Saturday, 31 August 2013

My anatomist's head is all finished

Here it is, folks.

And in close up:

From the other side:

I'm very fond of the four horns.  This is something I think worked very well on this project.  My inspiration for this concept was these four-horned Hebridean sheep.

Here's the face from the front:

And the back of the head with all those nice corrosion cast veins:

The shiny surface is due to polyurethane.  I'm not usually a fan of shiny lacquer on my projects, but a mummified anatomist's specimen would be shellacked to protect it and would therefore have a varnished appearance.  I'll have a think about the polyurethane over the next few days, and possibly change the finish texture if I decide I hate it.  But I don't think I do hate it.  I think I'm just not used to making something shiny.

Thursday, 29 August 2013

Turn in Your Grave: my review

Turn in Your Grave is available on DVD here

Well, I received the DVD that got me so excited a couple of weeks back, and in this post I'm going to tell you what I think about it.  I have done my level best to make sure there are no spoilers in the following review, because I'd hate to ruin anybody's fun.  I would have got this post up sooner, but I wanted to watch the film a couple of times and let it settle in my brain a bit before I reviewed it.  It's that kind of film.

This is also kind of a long post because, well, Turn in Your Grave isn't the kind of thing you can sum up in a couple of paragraphs.

I enjoyed Turn in Your Grave.  If you're a horror fan, I recommend it highly.  Forget Saw, forget Hostel, this is creepier.  Saw and Hostel are nasty, but they're not sophisticated.  They rely on shock value to get a reaction out of the audience, and that trick only works once.  I can guarantee Turn in Your Grave will continue to send shivers down my spine no matter how many times I watch it.

Turn in Your Grave is a subtle movie.  There's very little onscreen violence and so little gore that it could maybe get a PG 13 rating.  There's no CGI at all.  These things are absent because Turn in Your Grave doesn't need them.  Director Rob Ager laughs at such tactics, because he knows proper atmosphere and clever directing can achieve a level of disturbing scariness that no amount of computer generated blood splatter can ever hope to match.

Turn in Your Grave is not for everyone.  The enigmatic plot means that some viewers are going to walk away confused, unsatisfied, and wondering what the hell they just watched.  If you like a clear-cut narrative and want to have all the loose ends tidied up by the time the credits roll, you may not enjoy this film.  I watched it attentively, but I'm still not 100% sure what I saw.  I have a theory, and I look forward to re-watching the film and figuring out if my theory fits all the evidence.  Audience participation is very much a feature of Turn in Your Grave.  It doesn't tell you what it's all about; you have to work that out for yourself.  My favourite thing about the film is that you can interpret it in a number of ways, and I get the feeling that it was written that way deliberately.  Some authors get upset when people read meanings into their work that they didn't intend to be there, but I think viewers are supposed to interpret Turn in Your Grave in whatever way makes most sense to them.  I like that in a film.  I like to feel that I'm being invited to think about what I see and draw my own conclusions.

The surface narrative is compelling and the actors are pretty good.  The characters aren't a very likable bunch, but I don't think they're supposed to be.  Anyway, this didn't prevent me from relating to the characters or empathizing with them.  The characters are basically what you'd get if you grabbed an assortment of people off a Liverpool street (where the film was shot).  There are no Hollywood cliches, no hard boiled warriors with hearts of gold, no grizzled cops who are too old for this shit, and no action girls with improbably large breasts.  Ager's characters are believable, ordinary people.  The film's website states that "The usual dialogue = exposition method of communicating a story became less relevant...", and I really enjoyed this method of storytelling.  The character interactions felt natural to me, because the cast were concentrating on having natural conversations instead of conversations that explain the plot.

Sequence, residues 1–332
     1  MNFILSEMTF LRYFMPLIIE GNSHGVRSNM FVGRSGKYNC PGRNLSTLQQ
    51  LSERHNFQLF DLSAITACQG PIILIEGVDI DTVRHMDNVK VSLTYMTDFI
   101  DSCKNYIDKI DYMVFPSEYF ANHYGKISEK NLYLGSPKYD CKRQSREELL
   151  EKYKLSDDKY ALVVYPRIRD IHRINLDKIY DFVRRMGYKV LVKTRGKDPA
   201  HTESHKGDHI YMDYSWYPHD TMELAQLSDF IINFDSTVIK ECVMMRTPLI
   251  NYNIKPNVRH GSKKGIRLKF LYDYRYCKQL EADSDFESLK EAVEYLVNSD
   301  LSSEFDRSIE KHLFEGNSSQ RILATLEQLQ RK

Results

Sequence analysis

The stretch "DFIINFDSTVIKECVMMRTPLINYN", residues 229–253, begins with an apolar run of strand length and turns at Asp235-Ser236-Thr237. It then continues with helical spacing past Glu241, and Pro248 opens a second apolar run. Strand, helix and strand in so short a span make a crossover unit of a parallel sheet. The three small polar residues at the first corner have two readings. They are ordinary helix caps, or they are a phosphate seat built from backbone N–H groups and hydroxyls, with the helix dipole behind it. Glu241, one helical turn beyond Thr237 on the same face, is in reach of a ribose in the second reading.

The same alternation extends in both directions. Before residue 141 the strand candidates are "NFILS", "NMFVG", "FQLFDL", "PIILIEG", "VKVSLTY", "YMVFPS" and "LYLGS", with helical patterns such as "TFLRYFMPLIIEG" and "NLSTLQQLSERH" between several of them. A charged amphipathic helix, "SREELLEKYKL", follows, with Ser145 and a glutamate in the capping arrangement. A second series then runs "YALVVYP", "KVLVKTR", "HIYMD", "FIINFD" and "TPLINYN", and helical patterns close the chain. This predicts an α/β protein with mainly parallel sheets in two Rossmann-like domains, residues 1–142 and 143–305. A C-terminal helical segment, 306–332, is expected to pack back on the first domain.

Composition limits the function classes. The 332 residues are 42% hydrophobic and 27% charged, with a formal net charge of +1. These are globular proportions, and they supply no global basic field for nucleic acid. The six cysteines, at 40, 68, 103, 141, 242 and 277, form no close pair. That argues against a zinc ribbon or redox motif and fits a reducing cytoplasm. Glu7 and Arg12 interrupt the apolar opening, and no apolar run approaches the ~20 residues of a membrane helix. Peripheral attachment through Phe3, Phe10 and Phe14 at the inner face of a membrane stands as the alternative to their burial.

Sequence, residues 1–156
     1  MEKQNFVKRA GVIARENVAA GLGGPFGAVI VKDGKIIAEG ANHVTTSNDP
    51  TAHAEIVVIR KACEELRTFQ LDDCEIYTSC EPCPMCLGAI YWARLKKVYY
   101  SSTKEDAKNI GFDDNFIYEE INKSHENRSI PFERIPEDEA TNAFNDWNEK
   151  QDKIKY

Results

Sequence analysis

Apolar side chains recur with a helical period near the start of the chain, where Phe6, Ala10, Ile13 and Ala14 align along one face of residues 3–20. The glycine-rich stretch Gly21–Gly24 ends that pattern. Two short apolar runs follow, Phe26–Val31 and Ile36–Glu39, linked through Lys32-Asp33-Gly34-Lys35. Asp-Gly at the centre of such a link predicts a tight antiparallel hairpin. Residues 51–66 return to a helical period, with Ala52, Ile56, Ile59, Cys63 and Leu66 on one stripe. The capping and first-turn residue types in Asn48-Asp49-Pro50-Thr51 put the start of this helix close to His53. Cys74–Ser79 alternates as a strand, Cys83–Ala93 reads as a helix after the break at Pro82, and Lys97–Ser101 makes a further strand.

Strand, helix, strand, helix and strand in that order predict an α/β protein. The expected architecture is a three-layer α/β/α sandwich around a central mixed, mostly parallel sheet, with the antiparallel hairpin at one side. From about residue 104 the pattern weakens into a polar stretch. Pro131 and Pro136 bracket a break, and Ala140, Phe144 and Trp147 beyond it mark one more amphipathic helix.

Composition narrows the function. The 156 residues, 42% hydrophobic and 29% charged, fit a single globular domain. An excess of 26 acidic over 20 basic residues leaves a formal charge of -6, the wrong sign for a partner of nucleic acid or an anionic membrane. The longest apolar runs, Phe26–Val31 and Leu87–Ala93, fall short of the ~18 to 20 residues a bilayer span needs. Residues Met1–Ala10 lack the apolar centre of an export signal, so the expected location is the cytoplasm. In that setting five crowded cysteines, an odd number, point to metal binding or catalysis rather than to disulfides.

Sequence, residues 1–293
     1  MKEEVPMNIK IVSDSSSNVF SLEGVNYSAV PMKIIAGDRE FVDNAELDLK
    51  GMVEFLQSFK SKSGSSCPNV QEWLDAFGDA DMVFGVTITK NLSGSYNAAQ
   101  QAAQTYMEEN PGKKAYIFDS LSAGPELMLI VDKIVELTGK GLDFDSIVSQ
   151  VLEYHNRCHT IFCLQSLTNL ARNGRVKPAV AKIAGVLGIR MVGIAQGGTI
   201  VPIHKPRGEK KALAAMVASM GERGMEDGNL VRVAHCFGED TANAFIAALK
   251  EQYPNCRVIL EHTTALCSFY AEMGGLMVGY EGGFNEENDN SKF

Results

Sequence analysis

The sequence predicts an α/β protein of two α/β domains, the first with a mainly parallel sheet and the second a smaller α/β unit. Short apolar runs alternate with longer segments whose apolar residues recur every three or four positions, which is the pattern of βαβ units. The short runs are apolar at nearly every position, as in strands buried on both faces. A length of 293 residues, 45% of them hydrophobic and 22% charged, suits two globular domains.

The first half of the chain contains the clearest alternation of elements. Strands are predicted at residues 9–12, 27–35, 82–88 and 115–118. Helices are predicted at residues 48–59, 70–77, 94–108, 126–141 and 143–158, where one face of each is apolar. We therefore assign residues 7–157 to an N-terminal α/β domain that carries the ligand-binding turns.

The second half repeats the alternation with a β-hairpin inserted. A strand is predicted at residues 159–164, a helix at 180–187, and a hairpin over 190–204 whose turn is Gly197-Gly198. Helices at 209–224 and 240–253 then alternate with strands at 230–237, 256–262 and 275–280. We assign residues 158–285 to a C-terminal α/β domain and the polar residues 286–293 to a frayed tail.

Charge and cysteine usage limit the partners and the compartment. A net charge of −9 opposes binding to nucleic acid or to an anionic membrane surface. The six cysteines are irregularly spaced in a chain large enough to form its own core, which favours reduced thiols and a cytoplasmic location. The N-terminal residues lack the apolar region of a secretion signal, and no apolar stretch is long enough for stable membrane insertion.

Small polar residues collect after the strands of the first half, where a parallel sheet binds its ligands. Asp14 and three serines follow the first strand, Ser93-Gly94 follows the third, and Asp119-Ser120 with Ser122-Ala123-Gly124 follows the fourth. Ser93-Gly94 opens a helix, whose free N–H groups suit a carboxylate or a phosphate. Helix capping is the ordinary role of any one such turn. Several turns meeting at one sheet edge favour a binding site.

I've been a fan of Ager's film analyses for a while now, so I was looking forward to seeing him put his skills into practice and I wasn't disappointed.  The directing, camera work, and use of filters in Turn in Your Grave are first class.  I certainly wouldn't have guessed that this is Ager's first ever feature film if I hadn't already known.  I wouldn't have guessed most of the scenes were shot in one week, either.

I might have picked up on the fact that Turn in Your Grave had almost zero budget, but don't let that put you off.  Low budget, in this case, does not mean low quality.  The limitations imposed by the film's budget are incorporated into the story so they become a feature, not a bug.  The creature effects are the best example of this: the zombies look like people in masks, but that's A-okay.  They're supposed to.  It's part of the story.

So, to sum up, Turn in Your Grave is a great film and I strongly recommend you check it out if you're into horror films, films that give you something to think about, or films that don't follow the standard industry formula.  It's an independent release distributed by the director, so your local retailer probably won't stock it, but you can get the DVD from the film's website or through Ebay.  I paid 10 quid including shipping (that's about $20 in New Zealand dollars, or $15 in US dollars), and I consider it money well spent.

Tuesday, 27 August 2013

Skin: the final layer

Skin is the final layer of my anatomist's head.  In the photo up top I'm half way through applying skin.  As in, I've literally applied it to half the face so you can see what it looks like before and after.  Here's another photo:

It reminds me of Batman with the two little horns and the skin peeled away from the mouth area, so I think I'll call it Bruce.